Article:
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Emerging into Authentic Academic Life: Anxiety, Masks of Selves, Mindful Observation and Perfectionist Performance

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Abstract

This chapter describes experiences associated with the demands of a doctoral program, which is known to pose personal and professional risks for candidates and sees low attrition and completion rates. Current studies suggest that problems in areas of supervision, finance and academic performance increase candidates’ feeling of isolation, anxiety and emotional exhaustion. Perfectionist tendencies, anxiety and the very real risk of non-completion are discussed in this chapter as triggers for negative self-preservation behaviours. Drawing on my personal narrative of the candidature years, I explore my lived experience of the disintegration of the self through the use of dramaturgy framework. I highlight the complexities of the academic setting and the grappling with appearance and performance. I trace the shifts in my personal capacity to see and regulate masking of self through describing the struggles of an eating disorder towards an experience of an authentic Aware Self. Extracts from my personal journals are used to share some strategies based on yoga and mindful practice that have helped to break free from measured perfectionism . The chapter offers ways of knowing the self(s) in a Ph.D. candidature and may help doctoral candidates and supervisors to identify points of need to support those who seem to have it all under control.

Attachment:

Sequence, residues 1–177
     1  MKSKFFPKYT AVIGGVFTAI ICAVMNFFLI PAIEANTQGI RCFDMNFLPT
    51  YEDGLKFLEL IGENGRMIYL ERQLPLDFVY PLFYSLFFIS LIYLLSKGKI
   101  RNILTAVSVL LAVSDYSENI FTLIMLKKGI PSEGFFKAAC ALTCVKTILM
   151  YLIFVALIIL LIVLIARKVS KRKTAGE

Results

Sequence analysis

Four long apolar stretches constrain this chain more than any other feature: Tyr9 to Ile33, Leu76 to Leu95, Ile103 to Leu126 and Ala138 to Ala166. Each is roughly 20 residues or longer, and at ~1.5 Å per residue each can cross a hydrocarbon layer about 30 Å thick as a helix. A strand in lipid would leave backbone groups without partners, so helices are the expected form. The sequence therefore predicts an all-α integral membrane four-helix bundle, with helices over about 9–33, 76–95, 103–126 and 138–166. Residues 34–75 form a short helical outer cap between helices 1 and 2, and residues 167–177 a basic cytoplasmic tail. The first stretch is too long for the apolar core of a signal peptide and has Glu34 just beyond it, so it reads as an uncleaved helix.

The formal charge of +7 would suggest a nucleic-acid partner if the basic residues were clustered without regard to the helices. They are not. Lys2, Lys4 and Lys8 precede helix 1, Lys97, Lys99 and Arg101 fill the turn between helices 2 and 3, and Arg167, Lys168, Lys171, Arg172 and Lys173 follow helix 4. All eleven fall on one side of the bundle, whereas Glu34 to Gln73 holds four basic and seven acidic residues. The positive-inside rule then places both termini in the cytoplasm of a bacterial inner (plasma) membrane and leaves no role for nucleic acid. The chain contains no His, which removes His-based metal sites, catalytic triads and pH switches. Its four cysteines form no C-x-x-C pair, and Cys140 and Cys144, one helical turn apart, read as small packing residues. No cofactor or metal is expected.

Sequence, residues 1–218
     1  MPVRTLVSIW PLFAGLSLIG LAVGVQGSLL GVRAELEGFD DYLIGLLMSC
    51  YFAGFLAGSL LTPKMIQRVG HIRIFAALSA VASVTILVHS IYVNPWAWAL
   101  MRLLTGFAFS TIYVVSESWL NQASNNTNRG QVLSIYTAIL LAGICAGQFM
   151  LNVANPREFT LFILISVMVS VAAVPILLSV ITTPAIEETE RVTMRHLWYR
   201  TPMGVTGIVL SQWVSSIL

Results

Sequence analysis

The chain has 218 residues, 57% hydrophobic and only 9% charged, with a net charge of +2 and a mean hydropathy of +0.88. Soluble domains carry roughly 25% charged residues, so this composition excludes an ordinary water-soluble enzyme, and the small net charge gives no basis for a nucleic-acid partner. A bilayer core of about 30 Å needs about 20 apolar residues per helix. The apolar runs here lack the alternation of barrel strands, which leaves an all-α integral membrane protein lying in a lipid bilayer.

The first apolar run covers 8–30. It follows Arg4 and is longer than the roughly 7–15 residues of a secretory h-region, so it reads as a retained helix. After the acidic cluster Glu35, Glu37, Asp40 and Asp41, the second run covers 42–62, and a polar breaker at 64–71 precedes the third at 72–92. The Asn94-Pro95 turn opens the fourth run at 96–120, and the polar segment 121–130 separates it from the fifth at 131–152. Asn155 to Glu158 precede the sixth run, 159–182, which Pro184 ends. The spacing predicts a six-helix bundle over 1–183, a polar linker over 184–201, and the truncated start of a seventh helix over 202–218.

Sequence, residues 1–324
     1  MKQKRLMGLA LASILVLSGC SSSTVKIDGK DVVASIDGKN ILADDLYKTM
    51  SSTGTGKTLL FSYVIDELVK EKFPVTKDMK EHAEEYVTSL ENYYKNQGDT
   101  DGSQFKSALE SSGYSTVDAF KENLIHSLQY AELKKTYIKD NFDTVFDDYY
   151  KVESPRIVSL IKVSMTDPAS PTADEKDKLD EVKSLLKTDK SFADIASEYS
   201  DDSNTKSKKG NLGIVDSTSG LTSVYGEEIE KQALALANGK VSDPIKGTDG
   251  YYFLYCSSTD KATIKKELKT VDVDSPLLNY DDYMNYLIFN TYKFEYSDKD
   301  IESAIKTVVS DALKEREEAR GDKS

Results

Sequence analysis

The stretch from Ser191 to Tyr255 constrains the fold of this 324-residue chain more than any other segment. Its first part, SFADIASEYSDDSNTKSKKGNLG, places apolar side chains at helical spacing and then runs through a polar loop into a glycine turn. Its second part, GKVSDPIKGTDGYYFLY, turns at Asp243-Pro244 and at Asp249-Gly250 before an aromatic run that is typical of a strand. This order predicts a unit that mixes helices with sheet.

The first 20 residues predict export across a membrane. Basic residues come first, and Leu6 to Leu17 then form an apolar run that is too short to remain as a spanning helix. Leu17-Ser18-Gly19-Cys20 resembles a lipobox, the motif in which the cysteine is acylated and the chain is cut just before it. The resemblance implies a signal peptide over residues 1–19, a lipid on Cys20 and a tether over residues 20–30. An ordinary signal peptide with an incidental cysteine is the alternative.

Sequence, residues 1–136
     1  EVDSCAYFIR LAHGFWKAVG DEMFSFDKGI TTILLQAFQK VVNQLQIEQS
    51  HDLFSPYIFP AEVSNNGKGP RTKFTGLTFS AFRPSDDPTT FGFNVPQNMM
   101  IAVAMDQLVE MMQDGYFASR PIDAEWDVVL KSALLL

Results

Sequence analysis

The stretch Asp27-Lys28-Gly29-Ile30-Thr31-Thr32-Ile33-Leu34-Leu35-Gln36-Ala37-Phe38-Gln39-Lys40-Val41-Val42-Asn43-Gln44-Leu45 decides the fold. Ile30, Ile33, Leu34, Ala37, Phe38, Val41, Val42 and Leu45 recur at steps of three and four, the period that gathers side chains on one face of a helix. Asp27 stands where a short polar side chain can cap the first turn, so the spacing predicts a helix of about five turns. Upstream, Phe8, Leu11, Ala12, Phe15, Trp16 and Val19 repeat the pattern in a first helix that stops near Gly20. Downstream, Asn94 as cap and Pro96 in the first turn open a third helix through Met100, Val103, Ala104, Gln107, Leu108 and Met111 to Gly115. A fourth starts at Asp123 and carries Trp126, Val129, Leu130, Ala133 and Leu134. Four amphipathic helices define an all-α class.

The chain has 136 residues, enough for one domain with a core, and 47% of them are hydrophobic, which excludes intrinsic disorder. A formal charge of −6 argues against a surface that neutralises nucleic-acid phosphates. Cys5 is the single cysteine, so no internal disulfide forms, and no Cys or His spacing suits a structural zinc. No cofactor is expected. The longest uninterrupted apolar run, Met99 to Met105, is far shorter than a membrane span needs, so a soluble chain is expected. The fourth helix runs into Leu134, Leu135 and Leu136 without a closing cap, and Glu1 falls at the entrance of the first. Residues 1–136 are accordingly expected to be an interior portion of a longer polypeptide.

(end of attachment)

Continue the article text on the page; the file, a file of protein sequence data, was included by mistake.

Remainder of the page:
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Correspondence to Anat Wilson .

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Wilson, A. (2018). Emerging into Authentic Academic Life: Anxiety, Masks of Selves, Mindful Observation and Perfectionist Performance. In: Lemon, N., McDonough, S. (eds) Mindfulness in the Academy. Springer, Singapore. https://doi.org/10.1007/978-981-13-2143-6_3

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  • DOI: https://doi.org/10.1007/978-981-13-2143-6_3

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